- Jane Brox, Silence: A Social History of One of the Least Understood Elements Of Our Lives (Houghton Mifflin Harcourt, 2019): a “meditation on the pain and the joy of being quiet”
- Chris Rush, The Light Years: A Memoir (Farrar, Straus & Giroux, 2019): “ . . . what’s fresh and interesting about ‘The Light Years’ is its account of gay survivalism — what it’s like to be rejected or adrift from others’ custody; coupling occasionally; at least once in love; and often in profound solitude in the natural world . . . ”
Technical and Analytical Readings
- Thich Nhat Hanh, Our Appointment with Life: Sutra on Knowing the Better Way to Live Alone (Parallax Press, 2011).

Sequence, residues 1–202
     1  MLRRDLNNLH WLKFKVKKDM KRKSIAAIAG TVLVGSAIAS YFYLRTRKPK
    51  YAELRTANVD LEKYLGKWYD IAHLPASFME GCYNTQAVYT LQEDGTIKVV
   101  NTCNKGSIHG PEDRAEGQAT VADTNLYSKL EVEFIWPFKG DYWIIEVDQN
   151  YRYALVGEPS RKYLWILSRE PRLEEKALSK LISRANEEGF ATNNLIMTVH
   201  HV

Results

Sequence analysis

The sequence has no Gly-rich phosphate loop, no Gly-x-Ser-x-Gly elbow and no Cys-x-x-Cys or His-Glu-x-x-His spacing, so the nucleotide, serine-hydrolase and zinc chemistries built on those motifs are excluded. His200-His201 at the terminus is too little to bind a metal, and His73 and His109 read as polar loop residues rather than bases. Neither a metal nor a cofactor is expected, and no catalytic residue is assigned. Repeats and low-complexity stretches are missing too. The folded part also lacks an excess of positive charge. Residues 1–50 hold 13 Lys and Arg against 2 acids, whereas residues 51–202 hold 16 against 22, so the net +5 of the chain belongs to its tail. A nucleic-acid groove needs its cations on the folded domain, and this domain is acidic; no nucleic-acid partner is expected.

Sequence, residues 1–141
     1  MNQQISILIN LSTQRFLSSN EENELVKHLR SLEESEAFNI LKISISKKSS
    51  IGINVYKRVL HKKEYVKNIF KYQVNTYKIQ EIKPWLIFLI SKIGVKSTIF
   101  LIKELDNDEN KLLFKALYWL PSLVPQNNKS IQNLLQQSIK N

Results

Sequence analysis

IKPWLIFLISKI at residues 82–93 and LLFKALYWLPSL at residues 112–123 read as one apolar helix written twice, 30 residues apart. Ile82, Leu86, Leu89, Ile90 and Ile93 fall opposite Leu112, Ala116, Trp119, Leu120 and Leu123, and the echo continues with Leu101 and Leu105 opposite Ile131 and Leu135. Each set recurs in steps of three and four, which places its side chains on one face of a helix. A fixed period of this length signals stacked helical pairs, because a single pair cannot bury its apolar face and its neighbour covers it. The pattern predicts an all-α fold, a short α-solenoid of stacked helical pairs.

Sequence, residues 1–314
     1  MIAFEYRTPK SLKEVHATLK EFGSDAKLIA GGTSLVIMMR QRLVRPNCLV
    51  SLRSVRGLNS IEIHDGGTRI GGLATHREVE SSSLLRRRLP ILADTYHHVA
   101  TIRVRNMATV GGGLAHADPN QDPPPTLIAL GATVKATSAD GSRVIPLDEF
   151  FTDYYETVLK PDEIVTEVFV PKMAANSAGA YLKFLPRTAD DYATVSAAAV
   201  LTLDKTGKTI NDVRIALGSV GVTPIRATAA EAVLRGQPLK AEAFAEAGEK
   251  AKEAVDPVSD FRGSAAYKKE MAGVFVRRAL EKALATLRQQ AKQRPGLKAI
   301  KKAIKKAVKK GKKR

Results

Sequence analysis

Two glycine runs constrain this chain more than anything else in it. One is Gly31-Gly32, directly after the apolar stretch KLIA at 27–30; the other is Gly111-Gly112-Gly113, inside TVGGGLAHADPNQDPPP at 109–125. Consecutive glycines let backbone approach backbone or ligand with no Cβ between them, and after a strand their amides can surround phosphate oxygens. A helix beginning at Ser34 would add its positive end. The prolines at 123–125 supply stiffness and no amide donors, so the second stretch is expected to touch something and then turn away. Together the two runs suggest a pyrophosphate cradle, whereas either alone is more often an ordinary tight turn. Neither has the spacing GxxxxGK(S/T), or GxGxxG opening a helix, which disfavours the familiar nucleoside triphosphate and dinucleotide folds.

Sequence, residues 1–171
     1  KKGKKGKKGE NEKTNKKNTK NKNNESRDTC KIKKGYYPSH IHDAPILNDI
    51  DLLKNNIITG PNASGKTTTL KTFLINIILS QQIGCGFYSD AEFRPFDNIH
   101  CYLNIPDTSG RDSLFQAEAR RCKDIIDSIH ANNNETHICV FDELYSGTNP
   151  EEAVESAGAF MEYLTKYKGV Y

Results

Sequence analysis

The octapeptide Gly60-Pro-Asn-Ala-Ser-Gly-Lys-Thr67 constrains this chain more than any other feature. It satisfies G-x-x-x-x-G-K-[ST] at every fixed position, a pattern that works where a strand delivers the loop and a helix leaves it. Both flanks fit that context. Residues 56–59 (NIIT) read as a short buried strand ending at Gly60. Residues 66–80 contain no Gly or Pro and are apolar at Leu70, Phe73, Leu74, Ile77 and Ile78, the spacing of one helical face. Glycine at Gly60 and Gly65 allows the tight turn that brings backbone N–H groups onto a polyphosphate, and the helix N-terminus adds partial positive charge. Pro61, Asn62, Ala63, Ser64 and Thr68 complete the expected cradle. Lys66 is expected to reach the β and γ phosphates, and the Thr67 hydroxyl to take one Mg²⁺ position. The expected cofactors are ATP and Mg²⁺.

- Jean-Baptiste-Camille Corot, Landscape with Lake and Boatman (1839)
- Caspar David Friedrich, Solitary Tree (1822)
Music: Composers, artists, and major works
- Kancheli, Little Imber, for small ensemble, voice, children's and men's chorus. “The sonic events are often separated by periods of silence . . . The instrumental colour is spare, consistently kept in chamber settings or one to a part.” [Hans-Klaus Jungheinrich]
- George Winston, “Plains” album
[In Les Misérables, after becoming successful, Valjean practices a form of solitude among others. This solitude reflects mindfulness, contemplation and respect for others.]